Newport Country Club

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Newport Country Club
Newport Rhode Island Country Club 4451828194 f7185bd875 b-Edit-2.jpg
Clubhouse, circa 2010
Club information
Newport Country Club is located in the US
Newport Country Club
Newport Country Club is located in Rhode Island
Newport Country Club
Coordinates 41°27′43″N 71°20′49″W / 41.462°N 71.347°W / 41.462; -71.347Coordinates: 41°27′43″N 71°20′49″W / 41.462°N 71.347°W / 41.462; -71.347
Location Newport, Rhode Island, U.S.
Elevation 10–50 feet (3–15 m)
Established 1893; 125 years ago (1893)
Type Private
Total holes 18
Tournaments hosted U.S. Open (1895)
U.S. Amateur (1895, 1995)
U.S. Women's Open (2006)
Designed by A. W. Tillinghast (1923)
William F. Davis
(1894, 1899)[1]
Par 70
Length 7,075 yards (6,469 m)
Course rating 75.4
Slope rating 135 [2]
Newport Country Club Clubhouse.jpg
Clubhouse, ca. 1897

Newport Country Club, is a historic private golf club in the northeastern United States, located in Newport, Rhode Island. Founded 125 years ago in 1893, it hosted both the first U.S. Amateur Championship and the first U.S. Open in 1895.

History[edit]

Theodore Havemeyer, a wealthy sportsman whose family owned the American Sugar Company, played the game of golf on a trip to Pau in the south of France in 1889 and returned to his summer home in Newport excited about its future. In 1890, he and his friends rented some property on the old Castle Hill Farm and played golf on a primitive course. He convinced a few pals from the summer colony's social elite, men such as John Jacob Astor IV, Perry Belmont, and Cornelius Vanderbilt II - to purchase the 140-acre (0.57 km2) Rocky Farm property for $80,000 and establish the golf club in 1893.[3]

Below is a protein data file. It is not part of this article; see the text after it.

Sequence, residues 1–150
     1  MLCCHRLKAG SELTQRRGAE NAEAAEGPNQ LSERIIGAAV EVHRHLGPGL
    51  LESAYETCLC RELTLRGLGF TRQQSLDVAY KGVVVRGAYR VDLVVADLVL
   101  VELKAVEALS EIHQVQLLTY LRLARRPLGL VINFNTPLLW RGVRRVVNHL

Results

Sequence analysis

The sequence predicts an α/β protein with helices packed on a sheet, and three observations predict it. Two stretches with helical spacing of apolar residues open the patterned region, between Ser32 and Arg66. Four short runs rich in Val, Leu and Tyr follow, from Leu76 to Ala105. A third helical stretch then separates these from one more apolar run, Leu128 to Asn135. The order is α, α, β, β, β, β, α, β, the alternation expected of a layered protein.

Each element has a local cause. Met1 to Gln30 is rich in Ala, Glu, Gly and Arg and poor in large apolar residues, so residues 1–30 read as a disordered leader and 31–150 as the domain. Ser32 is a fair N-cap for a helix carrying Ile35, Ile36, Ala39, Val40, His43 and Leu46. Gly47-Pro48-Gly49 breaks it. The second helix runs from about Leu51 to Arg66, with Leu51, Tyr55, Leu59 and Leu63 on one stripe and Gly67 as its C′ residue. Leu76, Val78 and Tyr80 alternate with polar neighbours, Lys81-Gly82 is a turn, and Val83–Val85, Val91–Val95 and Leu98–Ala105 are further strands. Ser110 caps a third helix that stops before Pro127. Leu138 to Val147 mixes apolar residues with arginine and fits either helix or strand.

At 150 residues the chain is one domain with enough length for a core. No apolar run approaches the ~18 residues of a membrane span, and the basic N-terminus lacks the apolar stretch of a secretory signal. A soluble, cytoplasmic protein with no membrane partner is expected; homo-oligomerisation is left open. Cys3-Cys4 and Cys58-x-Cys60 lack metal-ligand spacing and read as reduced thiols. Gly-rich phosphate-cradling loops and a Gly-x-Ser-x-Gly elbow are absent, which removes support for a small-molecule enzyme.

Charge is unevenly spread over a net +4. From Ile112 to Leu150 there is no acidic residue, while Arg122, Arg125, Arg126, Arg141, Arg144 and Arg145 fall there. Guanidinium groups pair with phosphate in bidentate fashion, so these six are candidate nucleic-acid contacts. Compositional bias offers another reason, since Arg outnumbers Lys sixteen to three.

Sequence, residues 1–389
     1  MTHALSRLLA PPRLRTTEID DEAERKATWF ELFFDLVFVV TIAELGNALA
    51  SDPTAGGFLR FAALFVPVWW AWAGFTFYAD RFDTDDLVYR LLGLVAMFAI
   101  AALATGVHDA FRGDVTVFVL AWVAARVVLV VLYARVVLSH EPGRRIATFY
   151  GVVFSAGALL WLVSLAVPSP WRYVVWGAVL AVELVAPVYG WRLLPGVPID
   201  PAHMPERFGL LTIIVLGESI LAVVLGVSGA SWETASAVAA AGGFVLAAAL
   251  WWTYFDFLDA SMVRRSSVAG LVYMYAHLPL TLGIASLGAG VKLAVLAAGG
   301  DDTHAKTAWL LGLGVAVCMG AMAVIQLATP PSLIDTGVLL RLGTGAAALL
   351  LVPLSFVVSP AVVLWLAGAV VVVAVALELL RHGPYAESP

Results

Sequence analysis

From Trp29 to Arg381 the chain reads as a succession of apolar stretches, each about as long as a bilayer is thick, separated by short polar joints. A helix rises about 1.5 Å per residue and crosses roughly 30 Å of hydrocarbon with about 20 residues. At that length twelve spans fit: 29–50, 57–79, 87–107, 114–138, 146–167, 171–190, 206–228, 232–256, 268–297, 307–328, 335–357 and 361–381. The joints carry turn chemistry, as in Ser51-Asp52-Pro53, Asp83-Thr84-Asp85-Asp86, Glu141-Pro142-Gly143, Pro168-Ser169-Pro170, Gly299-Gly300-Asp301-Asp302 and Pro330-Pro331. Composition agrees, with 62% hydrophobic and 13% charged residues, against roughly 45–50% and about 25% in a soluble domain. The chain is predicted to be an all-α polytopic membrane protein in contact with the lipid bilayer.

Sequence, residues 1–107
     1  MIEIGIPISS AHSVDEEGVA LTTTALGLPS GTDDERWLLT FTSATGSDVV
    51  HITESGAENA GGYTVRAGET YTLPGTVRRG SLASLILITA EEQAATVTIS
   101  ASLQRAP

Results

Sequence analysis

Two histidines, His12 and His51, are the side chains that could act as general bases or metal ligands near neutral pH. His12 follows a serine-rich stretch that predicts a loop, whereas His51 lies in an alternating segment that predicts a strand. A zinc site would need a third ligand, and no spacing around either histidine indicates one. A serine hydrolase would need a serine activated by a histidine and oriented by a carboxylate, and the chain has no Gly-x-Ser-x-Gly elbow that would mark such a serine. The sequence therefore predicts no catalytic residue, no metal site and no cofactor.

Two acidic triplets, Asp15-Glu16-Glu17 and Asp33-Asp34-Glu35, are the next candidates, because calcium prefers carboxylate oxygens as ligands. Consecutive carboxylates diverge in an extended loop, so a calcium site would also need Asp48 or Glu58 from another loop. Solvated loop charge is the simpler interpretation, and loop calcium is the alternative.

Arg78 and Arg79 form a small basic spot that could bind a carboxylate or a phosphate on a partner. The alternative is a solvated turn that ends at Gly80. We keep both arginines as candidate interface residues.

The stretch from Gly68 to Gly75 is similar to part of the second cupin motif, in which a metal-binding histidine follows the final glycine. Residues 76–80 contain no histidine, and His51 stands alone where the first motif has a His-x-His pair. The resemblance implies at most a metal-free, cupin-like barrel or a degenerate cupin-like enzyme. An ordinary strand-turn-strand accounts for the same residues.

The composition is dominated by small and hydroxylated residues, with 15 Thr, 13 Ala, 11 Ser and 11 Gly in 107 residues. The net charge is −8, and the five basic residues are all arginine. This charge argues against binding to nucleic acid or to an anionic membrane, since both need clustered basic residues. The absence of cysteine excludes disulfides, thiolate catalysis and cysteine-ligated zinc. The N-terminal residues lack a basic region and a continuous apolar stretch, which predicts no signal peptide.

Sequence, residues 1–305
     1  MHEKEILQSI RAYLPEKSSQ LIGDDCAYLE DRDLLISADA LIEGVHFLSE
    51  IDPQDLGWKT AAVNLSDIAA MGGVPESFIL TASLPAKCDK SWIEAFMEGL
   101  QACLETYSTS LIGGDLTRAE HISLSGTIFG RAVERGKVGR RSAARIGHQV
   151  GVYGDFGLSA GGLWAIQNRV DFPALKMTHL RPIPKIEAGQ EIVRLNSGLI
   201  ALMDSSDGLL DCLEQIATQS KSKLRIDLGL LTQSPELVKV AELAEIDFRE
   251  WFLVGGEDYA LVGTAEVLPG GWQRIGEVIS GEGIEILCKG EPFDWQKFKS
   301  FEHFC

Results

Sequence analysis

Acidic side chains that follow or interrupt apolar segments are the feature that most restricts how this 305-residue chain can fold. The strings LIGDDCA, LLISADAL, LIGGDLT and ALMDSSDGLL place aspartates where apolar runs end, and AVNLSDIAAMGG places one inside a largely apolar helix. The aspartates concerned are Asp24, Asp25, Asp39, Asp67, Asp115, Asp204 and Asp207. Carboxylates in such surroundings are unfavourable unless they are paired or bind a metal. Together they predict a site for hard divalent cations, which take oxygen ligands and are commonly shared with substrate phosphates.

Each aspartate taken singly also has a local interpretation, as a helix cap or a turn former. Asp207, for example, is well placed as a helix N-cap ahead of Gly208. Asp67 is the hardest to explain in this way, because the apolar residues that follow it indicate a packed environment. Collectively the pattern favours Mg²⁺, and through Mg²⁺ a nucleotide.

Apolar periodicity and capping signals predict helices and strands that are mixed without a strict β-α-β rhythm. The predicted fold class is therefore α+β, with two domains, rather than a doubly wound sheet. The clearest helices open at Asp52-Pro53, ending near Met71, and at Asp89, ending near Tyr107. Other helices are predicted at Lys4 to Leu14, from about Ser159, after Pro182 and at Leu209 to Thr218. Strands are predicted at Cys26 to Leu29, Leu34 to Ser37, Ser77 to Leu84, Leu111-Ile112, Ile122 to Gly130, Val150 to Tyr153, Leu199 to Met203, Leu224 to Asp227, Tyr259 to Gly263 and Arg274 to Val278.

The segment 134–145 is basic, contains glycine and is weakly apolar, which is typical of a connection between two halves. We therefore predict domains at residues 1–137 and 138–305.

At the time of the club's founding, Newport was at the peak of its prestige as the favorite summer colony of America's wealthy elite. The city had thus established one of America's earliest golf clubs since the sport was played almost exclusively by the rich when it was first introduced to the United States. The primitive course that they played upon in 1890 was bought roughly thirty years later and is now the site of seven holes (2–8) of the front nine.[4]

Tournaments[edit]

Anxious to host national competitions, Havemeyer invited the country's best amateurs to his new course for a championship in 1894. That December, Havemeyer held a meeting at New York City's Calumet Club with representatives from four other clubs: St. Andrew's Golf Club in Hastings-on-Hudson, NY; Shinnecock Hills Golf Club in Southampton on Long Island, New York; The Country Club in Brookline, MA; and the Chicago Golf Club.[5] These clubs agreed to form the Amateur Golf Association, the forerunner of the United States Golf Association (USGA).

In October 1895, Newport Country Club hosted both the first U.S. Amateur Championship and the in first U.S. Open. To this day, the U.S. Amateur champion is awarded the Havemeyer Trophy.[5][6]

In celebration of the centennial of those first two USGA events, the club hosted the U.S. Amateur in 1995,[7] won by defending champion Tiger Woods.[8][9] Eleven years later, it was the site of the U.S. Women's Open in 2006, won by Annika Sörenstam in an 18-hole playoff.[10][11][12] In 2017, the USGA announced Newport will host the 41st U.S. Senior Open in June 2020.[1][5]

Clubhouse[edit]